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My Day at Torrey Pines with Xander Schauffele by Royce, our social media manager for Callaway Golf

On the Wednesday before the 121st U.S. Open kicks off at Torrey Pines, I got the rare opportunity to walk with Xander Schauffele during a scouting trip. It was an incredible experience, and I was amazed at how much I learned in the five hours I spent with the four-time PGA TOUR winner. The way professional golfers, especially elite ones like Xander process information so fast it’s remarkable. I’ll try and break this down as easy as I can and hopefully you will take away a piece of what the wisdom bestowed on me.

The first thing I will say about Xander is he is one of the most relaxed and laid-back guys on TOUR (I worked for the PGA TOUR for 10 years before coming to Callaway, so I’ve known Xander since he has turned pro). He loves golf and I mean loves it and if you’re lucky enough to be a fly on the wall like I was today while he played with another four-time TOUR winner (I won’t mention his name since he’s not a Callaway staffer, but he is a SoCal guy who basically helped Xander a tremendous amount his rookie season on TOUR and someone Xander still plays a ton of practice rounds with).

Xander hitting a driver at Torrey Pines

Everyone knows these guys can move it and hit all the shots, so I won’t spend too much time on how they hit a heavy ball into the wind or how they can hit it high, low, right-to-left or left-to-right on command with the driver. That was fun to see, but not where I learned the most. It’s how they prepare and anticipate how the USGA will set up a course they see every January during the Farmers Insurance Open. They played a game around the greens that blew my mind (there were some serious stakes on the line to keep the competitive juices flowing and make every shot count). Tour pros practice their short games at nauseam, but I didn’t realize just how fun they can make their practice and how they make each rep count on the course, even in a fun round where both players carried their bags, count! It was incredible to witness not only how good their short games are but why they are so elite around the greens.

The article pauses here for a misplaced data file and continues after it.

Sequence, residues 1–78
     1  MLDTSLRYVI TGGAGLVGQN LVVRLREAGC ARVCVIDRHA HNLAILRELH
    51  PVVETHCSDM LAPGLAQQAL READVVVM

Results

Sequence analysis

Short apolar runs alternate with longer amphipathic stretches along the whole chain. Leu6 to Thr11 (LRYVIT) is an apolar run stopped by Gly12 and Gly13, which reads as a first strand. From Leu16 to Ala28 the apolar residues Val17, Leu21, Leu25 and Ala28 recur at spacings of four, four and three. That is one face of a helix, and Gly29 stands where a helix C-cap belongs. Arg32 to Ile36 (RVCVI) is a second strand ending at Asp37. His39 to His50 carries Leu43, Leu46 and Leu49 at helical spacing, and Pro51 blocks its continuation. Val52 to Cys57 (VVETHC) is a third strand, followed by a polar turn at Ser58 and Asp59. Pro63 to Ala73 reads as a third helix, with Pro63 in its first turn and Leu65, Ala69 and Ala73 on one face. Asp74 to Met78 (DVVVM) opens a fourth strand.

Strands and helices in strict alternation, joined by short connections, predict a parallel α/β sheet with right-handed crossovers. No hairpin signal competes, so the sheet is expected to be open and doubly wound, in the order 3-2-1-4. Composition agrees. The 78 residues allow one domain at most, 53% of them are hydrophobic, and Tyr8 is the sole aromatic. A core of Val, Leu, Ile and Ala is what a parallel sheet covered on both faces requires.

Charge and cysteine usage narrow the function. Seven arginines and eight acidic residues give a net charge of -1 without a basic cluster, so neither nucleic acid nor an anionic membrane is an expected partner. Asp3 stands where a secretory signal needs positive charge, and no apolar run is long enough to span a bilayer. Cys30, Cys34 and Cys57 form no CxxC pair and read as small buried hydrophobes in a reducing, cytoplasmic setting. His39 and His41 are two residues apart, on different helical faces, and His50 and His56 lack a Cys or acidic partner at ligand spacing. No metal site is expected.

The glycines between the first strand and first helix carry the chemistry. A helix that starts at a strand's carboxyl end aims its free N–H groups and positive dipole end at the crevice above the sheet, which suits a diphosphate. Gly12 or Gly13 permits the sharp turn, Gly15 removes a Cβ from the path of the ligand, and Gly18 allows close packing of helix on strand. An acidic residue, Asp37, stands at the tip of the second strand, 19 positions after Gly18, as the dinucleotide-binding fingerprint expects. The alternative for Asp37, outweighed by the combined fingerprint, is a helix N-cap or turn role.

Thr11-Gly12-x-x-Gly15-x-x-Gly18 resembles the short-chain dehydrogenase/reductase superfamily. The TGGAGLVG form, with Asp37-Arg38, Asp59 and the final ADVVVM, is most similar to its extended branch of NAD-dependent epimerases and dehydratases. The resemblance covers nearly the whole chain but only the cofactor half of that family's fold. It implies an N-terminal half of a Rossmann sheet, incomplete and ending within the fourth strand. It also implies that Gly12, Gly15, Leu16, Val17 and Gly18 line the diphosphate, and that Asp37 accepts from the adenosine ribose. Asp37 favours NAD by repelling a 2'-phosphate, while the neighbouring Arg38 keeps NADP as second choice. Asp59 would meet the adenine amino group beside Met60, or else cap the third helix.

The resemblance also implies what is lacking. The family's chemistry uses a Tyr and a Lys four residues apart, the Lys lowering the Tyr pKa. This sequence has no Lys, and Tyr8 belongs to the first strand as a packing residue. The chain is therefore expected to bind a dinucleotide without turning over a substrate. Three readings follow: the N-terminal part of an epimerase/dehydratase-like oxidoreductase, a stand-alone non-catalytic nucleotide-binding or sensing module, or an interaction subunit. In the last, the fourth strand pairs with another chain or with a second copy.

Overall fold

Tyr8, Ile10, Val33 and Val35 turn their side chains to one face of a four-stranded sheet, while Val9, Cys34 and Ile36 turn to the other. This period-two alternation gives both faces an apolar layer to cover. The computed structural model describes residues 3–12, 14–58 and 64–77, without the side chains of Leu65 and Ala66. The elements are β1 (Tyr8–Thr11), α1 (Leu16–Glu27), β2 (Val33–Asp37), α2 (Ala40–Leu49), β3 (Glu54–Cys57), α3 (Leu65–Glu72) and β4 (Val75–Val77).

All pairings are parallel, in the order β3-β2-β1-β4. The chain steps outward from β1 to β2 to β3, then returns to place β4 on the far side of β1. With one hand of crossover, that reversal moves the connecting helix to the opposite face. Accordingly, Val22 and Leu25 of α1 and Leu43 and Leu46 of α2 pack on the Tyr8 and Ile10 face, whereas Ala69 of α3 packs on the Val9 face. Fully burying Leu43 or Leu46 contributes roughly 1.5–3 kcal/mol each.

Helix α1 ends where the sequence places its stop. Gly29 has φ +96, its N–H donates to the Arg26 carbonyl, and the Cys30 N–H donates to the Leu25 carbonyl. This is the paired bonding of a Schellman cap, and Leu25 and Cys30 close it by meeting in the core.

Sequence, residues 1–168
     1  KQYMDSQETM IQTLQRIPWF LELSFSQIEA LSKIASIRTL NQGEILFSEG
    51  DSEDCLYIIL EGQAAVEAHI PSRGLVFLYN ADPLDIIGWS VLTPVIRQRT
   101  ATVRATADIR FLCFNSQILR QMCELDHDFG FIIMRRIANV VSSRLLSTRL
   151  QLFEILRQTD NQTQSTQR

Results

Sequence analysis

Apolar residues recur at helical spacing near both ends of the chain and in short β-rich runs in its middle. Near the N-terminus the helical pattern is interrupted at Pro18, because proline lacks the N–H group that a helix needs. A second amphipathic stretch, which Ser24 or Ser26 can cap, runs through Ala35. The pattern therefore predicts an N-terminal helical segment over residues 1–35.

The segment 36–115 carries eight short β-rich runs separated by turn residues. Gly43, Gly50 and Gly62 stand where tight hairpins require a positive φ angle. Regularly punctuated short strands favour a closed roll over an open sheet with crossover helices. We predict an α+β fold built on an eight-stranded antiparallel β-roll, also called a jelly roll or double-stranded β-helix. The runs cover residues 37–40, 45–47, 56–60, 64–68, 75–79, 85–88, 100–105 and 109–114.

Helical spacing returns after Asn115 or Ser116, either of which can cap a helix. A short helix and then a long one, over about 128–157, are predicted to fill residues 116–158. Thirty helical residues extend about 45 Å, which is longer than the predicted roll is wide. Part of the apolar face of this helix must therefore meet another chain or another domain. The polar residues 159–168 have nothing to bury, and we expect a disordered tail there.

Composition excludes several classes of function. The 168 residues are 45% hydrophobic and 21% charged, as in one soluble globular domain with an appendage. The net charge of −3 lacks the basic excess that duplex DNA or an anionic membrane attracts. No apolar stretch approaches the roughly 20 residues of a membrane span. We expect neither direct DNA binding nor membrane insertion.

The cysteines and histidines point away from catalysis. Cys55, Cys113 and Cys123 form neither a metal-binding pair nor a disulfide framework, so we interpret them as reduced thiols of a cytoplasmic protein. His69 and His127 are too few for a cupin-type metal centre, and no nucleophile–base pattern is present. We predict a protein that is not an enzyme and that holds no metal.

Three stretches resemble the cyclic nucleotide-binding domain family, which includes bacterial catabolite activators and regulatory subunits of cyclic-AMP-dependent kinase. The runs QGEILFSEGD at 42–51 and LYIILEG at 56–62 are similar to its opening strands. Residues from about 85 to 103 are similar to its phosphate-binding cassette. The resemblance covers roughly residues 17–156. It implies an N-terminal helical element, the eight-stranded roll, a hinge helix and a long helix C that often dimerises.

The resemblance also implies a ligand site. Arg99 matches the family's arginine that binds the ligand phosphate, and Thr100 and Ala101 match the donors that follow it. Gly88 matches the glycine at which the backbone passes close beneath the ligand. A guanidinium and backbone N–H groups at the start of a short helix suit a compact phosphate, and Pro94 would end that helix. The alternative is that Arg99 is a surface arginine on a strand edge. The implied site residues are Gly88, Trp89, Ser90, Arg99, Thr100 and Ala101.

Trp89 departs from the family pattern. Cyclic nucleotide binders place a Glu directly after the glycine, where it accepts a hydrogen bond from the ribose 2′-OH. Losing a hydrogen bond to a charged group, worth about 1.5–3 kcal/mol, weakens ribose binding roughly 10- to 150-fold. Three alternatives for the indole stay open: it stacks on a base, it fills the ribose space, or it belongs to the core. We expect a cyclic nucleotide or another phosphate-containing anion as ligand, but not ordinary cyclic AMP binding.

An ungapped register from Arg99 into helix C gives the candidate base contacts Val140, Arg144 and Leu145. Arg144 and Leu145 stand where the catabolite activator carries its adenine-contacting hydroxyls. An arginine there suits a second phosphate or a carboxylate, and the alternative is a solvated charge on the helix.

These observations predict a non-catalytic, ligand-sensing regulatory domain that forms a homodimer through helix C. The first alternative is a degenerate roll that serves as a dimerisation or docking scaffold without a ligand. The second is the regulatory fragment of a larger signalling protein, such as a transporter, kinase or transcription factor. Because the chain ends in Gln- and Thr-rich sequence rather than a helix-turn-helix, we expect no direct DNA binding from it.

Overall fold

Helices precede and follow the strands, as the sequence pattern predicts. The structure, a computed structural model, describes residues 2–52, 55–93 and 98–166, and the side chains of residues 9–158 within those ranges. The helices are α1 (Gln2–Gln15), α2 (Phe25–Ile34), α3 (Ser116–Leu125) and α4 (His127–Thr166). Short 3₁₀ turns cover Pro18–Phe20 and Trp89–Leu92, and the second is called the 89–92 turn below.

Let’s get to the game…

It’s a contest to see who can get the most up-and-downs. Here’s the premise. The two players took turns deciding a hole location and where they needed to hit from (they alternated holes the entire round). They put a tee in the ground and placed a ball on top of the tee. From there a player would throw both balls into an area around the green they want to hit a shot from (either thick rough, a bunker or a crazy long lag putt on a par 5). They basically short-sided themselves most of the time and made it as hard as possible to get up-and-down (this was all done after they played and putted out their ball in play on the hole). The attention to detail when deciding shots was what really caught me. They both have played the course so many times in tournament play, they know all the places you can put pins and why certain hole locations will be used during the major championship. Some of the reasons were, “if you got at a back pin, you might catch a hard bounce and go over, they will place a pin here because it is one of the most difficult places to putt from on this green.” There were a few more but you get the idea. They are trying to make this game as difficult on themselves as possible to try and mimic tournament conditions as much as possible and this went on for all 18 holes! Oh and if your chip, pitch, flop, sand shot or lag putt hit the tee on the first attempt, you got double the the points/pot. When you see players walking around with a few wedges and a putter the next time you’re at a TOUR event, pay attention to what they are trying to accomplish by working on all the shots around the greens.

The next thing I learned was just quickly these guys process information. Numerous times during the round I saw Xander talk to himself about, wind direction, distance, shot shape and where he wanted to land while standing over the ball. It was laughable watching him execute shot after shot.

The last nugget I’ll give you is, don’t be surprised if you see Xander using a 56-degree wedge a lot around the greens next week. The rough is up and the lob wedge, laid open, tended to go underneath the ball a little more than he like. On 18, he started chipping with his 56, out of the thickest rough on the course by the way and hit so many good chips. I’m sure this is something he will continue to experiment with now until Thursday but it was clear, the 56-degree worked really well around the greens, especially if he thought the ball was sitting up a little more than usual.